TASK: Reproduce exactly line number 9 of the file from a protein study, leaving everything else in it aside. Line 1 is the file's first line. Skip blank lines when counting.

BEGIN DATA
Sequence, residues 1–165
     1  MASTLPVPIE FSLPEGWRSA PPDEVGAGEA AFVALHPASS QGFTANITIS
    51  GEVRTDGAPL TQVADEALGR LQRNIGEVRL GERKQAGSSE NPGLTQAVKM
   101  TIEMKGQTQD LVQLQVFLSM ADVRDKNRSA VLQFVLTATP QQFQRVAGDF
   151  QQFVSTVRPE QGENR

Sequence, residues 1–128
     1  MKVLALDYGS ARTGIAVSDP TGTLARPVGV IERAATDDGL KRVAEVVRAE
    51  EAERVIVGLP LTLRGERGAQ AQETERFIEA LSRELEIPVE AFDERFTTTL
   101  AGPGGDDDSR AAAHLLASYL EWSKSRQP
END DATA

   101  AGPGGDDDSR AAAHLLASYL EWSKSRQP